The thick Rapunzel braid knotted on top of my kid Harry’s head hung draped over his* right shoulder. Dressed all in black, from feathered boa and long slit skirt to the open-toe stilettos, I thought Harry looked like a young celebrity. In drag, my creative director and photographer son becomes Amber Alert to her fans and me. But I wasn’t sure if the fuzzy photo on Facebook was of Amber or Harry.
“I loved your look for that show at the Jane Hotel,” I told Harry over the phone. “I know you were there with the other ‘Girls of Straight Acting,’ but I didn’t know if you were in drag. I didn’t see any glitter, so I wasn’t sure.”
“I had some glitter on, Mom, but it was a subtle look – no eyelashes.”
“Eyelashes make a difference?”
“Oh, for sure!” Harry replied. “Big time!”
I appreciated the clarification, because I occasionally get questions about Harry based on his look. If wearing a dress, some people ask if she’s trans, to which I reply that my son identifies as queer. Or, if Harry’s wearing earrings with a sweater and leggings, I get asked if he’s in drag. So now I can explain that drag for Harry means false eyelashes, glitter and at least a pound of makeup.
The truth is, some days Harry feels more feminine, so his gender expression just reflects how she feels on any given day or time of day.
I remember asking Harry myself in 2005 where drag queen fit it in with transvestite and transsexual. (Transgender wasn’t as commonly used at the time.) It was the summer before Harry’s sophomore year in high school. He was fifteen and a Rocky Horror Picture Show devotee who went to every midnight showing at the Oriental Theatre in Milwaukee dressed in wildly extravagant outfits.
Before answering me, Harry glanced over and smiled at his friend Alex who had stopped by the house.
“Well, Mom, people don’t really use the word transvestite anymore. Cross-dresser is probably better. And that’s just when a straight man or woman puts on clothes of the opposite sex because it makes them feel good.”
“Okay.” I’d said, thinking about comedian Eddie Izzard who often performed stand-up in a dress.
“When a man feels like a woman trapped in a man’s body and has an operation,” young Harry continued, “she’s a transsexual.”
My thoughts went to Christine Jorgensen, my only reference point then for a transsexual (now transgender) woman.
“And when a gay man has waaay too much fashion sense for one gender, he’s a drag queen.”
At that, he and Alex burst out laughing. And while I stood in the living room processing that idea, they headed up the stairs to Harry’s room. I understood about “too much fashion sense,” remembering that Harry was only six years old when he tried to teach me clothes don’t have a gender.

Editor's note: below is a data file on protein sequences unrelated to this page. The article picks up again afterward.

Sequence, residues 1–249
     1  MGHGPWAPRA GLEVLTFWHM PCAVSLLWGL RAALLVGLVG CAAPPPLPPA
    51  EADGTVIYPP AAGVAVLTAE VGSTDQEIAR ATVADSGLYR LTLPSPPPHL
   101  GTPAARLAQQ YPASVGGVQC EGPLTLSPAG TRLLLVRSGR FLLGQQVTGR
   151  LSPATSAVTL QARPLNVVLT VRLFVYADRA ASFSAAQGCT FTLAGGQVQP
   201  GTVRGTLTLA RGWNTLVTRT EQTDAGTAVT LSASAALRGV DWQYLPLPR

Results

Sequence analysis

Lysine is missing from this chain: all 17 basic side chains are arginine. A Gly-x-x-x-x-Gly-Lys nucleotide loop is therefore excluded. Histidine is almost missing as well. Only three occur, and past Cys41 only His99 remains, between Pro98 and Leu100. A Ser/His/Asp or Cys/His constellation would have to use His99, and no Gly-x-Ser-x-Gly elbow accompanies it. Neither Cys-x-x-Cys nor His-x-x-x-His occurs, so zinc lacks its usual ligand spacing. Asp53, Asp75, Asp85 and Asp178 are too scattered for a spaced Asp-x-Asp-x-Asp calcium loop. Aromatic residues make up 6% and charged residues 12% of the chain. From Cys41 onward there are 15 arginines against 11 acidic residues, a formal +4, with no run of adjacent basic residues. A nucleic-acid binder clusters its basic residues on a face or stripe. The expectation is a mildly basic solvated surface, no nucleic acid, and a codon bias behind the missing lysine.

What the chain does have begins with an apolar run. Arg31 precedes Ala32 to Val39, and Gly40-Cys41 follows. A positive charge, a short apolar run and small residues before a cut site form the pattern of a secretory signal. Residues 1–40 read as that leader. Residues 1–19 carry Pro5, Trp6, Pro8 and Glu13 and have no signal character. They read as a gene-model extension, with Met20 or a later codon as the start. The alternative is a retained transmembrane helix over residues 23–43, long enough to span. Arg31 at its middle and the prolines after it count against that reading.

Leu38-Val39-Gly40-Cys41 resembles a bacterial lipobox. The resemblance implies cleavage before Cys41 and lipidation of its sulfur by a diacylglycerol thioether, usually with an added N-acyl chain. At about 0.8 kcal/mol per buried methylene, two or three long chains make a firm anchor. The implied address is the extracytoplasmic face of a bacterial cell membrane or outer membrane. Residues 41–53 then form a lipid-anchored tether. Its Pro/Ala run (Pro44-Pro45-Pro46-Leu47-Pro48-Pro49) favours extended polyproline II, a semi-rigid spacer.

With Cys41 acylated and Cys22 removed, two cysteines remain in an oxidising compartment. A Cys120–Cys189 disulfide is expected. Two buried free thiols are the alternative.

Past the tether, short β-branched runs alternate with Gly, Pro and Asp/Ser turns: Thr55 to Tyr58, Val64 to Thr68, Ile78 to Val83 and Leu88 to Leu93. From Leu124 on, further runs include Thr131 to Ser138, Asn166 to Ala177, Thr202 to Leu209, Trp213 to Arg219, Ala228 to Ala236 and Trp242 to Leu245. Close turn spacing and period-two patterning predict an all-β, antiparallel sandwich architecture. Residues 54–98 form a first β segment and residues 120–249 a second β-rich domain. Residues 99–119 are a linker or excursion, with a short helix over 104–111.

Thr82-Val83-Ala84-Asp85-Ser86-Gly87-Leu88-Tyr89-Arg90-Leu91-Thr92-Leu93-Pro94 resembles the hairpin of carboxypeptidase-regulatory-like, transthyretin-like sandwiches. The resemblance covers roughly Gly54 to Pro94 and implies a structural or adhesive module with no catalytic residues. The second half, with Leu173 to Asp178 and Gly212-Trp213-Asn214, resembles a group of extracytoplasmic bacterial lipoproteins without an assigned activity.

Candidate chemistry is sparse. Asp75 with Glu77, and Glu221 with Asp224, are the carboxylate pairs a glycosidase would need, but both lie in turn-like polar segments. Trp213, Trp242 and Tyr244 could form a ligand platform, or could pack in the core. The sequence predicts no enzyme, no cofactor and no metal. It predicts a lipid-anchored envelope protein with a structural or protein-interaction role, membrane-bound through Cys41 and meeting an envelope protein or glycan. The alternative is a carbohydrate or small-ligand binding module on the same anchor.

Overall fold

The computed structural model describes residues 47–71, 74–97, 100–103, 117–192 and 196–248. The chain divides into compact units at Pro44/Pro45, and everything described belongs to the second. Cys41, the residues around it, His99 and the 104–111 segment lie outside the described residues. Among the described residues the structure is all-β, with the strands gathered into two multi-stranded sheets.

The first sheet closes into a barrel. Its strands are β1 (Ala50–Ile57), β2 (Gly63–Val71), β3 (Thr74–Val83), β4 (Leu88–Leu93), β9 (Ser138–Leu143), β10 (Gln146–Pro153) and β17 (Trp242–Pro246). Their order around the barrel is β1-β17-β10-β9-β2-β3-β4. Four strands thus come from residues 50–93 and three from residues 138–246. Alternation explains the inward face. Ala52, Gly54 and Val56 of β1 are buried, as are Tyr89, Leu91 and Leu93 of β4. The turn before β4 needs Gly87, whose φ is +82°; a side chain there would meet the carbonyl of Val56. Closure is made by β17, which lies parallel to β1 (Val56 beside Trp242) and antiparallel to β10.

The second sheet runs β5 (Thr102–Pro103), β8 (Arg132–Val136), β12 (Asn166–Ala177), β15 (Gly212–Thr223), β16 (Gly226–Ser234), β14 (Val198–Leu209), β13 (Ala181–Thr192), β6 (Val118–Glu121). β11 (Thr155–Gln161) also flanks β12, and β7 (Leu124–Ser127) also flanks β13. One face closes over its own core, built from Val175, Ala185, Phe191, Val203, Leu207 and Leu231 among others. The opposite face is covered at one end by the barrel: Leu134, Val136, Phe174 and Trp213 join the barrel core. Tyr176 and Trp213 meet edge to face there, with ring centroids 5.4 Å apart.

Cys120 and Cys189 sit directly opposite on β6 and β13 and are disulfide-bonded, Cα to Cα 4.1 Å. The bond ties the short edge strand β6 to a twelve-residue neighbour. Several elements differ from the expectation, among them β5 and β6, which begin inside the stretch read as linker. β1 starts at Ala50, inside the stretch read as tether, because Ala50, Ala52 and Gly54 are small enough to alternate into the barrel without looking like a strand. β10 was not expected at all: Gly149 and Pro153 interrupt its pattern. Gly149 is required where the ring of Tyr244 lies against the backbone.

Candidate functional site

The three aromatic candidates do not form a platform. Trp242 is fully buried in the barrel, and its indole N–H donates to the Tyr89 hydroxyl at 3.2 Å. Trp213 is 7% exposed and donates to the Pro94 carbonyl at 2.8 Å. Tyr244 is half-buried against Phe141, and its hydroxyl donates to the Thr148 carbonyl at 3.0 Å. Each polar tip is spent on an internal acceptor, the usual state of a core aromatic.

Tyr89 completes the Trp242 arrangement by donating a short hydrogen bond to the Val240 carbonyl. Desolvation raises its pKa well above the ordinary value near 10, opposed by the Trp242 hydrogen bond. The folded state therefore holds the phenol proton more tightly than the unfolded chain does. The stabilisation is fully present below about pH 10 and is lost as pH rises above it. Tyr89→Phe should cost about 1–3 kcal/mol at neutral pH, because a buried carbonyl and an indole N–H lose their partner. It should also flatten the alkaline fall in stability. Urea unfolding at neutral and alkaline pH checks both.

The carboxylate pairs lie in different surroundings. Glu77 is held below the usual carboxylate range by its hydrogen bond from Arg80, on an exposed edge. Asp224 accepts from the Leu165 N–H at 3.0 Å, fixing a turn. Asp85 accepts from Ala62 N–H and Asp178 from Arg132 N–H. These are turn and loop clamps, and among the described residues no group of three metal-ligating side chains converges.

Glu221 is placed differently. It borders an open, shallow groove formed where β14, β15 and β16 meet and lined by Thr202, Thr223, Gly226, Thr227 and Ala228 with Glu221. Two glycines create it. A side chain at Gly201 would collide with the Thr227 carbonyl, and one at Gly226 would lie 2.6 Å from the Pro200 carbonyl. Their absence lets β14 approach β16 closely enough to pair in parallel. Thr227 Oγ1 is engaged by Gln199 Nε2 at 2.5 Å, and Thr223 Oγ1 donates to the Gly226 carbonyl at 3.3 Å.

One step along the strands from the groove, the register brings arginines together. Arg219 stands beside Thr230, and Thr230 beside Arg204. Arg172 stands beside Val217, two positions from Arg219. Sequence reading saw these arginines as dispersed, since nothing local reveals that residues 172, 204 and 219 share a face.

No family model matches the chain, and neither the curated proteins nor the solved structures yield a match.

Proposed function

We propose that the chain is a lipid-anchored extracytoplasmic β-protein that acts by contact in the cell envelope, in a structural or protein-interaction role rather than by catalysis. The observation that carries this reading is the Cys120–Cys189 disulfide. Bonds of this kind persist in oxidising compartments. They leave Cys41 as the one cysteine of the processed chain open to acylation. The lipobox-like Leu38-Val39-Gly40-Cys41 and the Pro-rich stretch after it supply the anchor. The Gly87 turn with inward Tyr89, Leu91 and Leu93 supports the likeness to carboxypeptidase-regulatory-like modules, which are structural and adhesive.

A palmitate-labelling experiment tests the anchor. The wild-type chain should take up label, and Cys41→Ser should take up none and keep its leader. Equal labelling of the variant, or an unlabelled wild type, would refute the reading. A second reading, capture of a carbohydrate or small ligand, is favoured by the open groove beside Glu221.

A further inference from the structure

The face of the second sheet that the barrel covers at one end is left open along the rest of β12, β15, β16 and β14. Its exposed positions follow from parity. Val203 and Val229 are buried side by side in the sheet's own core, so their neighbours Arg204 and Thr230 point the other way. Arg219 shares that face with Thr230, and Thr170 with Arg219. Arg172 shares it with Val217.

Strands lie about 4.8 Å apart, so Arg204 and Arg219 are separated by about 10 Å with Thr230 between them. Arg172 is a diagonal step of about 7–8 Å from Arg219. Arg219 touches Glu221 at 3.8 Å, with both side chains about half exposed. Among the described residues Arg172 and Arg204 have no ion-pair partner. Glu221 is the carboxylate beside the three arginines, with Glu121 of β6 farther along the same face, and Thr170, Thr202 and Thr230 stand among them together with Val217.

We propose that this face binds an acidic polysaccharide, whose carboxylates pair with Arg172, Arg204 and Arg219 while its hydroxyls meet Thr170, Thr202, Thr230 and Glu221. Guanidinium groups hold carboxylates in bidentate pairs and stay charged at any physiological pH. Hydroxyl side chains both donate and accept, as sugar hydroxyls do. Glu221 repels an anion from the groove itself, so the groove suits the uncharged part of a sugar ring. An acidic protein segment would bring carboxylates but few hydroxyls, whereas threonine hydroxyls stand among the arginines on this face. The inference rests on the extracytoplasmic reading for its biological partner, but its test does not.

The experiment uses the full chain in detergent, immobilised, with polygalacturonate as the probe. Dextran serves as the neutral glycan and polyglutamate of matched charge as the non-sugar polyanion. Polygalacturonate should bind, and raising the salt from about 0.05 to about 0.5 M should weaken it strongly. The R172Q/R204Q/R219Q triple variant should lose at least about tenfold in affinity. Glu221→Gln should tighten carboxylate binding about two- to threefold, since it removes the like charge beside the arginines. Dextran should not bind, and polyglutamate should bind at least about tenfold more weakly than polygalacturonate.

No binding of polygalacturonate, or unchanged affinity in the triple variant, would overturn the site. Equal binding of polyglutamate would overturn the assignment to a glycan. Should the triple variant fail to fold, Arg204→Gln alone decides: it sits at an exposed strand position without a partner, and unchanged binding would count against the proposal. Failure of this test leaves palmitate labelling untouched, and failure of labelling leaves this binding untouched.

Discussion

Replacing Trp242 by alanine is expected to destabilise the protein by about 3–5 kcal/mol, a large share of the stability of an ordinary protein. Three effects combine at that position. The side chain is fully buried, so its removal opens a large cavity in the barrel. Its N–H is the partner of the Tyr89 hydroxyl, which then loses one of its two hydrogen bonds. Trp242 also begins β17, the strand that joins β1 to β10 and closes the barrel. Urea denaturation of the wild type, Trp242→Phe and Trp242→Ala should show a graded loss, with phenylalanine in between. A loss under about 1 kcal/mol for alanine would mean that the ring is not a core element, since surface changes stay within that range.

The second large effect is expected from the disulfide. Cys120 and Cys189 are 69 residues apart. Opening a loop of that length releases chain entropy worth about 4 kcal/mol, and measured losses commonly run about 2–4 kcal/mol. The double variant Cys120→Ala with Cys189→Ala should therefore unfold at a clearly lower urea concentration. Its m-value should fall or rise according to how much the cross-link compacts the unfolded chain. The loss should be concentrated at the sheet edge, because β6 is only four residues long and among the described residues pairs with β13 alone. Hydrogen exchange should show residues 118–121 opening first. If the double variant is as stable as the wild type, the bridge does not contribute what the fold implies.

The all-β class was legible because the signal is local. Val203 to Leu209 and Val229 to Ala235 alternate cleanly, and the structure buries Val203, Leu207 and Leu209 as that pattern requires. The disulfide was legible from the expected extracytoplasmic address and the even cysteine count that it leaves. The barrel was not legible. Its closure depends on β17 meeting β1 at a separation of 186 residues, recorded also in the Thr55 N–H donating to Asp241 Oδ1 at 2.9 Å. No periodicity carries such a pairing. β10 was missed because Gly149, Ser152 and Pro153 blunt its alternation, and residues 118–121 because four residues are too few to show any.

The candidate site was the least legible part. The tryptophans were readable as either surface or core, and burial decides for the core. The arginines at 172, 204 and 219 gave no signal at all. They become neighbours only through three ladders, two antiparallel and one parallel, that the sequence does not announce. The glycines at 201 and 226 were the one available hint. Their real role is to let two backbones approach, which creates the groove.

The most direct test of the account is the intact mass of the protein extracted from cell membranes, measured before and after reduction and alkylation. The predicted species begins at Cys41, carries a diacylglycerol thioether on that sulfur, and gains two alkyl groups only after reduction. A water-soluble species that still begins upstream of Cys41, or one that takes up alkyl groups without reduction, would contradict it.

Then last month, thanks to the 1995 comedy film, To Wong Foo, Thanks for Everything! Julie Newmar, that was playing in marathon rotation on Logo TV, I figured out Harry had picked up those definitions, along with many other tips, from the flick’s drag royalty duo of Vida Boehme (Patrick Swayze) and Noxeema Jackson (Wesley Snipes). I flashed on the To Wong Foo DVD cover Harry had received from a friend in San Francisco while still a high school freshman.
The movie is about the road trip three New York City drag queens take to Los Angeles for the Drag Queen of the Year competition. And along with “drag princess” Chi-Chi Rodriguez (John Leguizamo), I learned a lot about life from Ms. Vida and Ms. Noxeema. At the same time, I felt an infusion of Harry’s spirit and outlook.
When my kid and I are out together now and I notice someone staring at Harry’s look, I can hear Vida Boehme saying, “Your approval is not needed, but I will take your acceptance.”
So I want to share what I think are important life lessons for anyone, as spelled out by Vida and Noxeema. The header is theirs.
Four Steps to Becoming A Drag Queen
- Let good thoughts be your sword and shield;
- Ignore adversity;
- Abide by the rules of love; and
- Stand up! Because being larger than life is just the right size.
I’m more confident just typing those words! And I have a feeling they boosted a certain high school kid named Harry in his dreams of being utterly fabulous. Glitter or no glitter.
Note: My son uses the pronouns “he/him,” “she/her” and “they/their” interchangeably, so as Harry’s mom, I do as well.
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